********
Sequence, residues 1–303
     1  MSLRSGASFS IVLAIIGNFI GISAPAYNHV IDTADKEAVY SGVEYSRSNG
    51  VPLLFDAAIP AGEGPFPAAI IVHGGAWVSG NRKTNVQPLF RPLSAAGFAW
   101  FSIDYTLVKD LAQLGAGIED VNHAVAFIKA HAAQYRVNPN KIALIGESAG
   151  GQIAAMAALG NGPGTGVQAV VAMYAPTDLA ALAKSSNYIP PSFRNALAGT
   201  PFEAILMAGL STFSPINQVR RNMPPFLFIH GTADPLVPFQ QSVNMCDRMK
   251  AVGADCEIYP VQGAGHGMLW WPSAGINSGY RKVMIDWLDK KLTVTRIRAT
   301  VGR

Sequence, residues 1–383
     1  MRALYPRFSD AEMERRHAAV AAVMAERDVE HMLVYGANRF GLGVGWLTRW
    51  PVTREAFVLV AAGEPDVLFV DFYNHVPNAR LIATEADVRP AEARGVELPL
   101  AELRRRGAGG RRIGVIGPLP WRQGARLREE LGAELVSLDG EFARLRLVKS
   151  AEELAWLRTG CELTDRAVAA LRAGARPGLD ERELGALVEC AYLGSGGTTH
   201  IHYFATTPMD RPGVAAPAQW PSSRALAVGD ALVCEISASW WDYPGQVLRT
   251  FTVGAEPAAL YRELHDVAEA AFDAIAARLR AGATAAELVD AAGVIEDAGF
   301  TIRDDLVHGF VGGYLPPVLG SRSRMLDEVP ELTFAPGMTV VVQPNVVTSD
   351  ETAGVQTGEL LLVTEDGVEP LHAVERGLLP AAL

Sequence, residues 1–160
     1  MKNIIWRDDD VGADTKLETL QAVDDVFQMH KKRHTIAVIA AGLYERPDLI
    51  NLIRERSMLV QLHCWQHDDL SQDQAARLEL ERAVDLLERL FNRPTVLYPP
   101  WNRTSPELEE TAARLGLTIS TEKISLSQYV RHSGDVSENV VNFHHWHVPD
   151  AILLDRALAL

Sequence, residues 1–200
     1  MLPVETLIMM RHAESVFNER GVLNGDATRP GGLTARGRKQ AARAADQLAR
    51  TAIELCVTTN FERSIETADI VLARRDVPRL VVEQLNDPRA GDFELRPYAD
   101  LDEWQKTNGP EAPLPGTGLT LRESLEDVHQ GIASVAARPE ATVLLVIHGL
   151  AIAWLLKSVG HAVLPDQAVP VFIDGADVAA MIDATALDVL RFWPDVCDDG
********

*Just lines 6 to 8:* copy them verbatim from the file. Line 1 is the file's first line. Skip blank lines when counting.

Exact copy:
   201  PFEAILMAGL STFSPINQVR RNMPPFLFIH GTADPLVPFQ QSVNMCDRMK
   251  AVGADCEIYP VQGAGHGMLW WPSAGINSGY RKVMIDWLDK KLTVTRIRAT
   301  VGR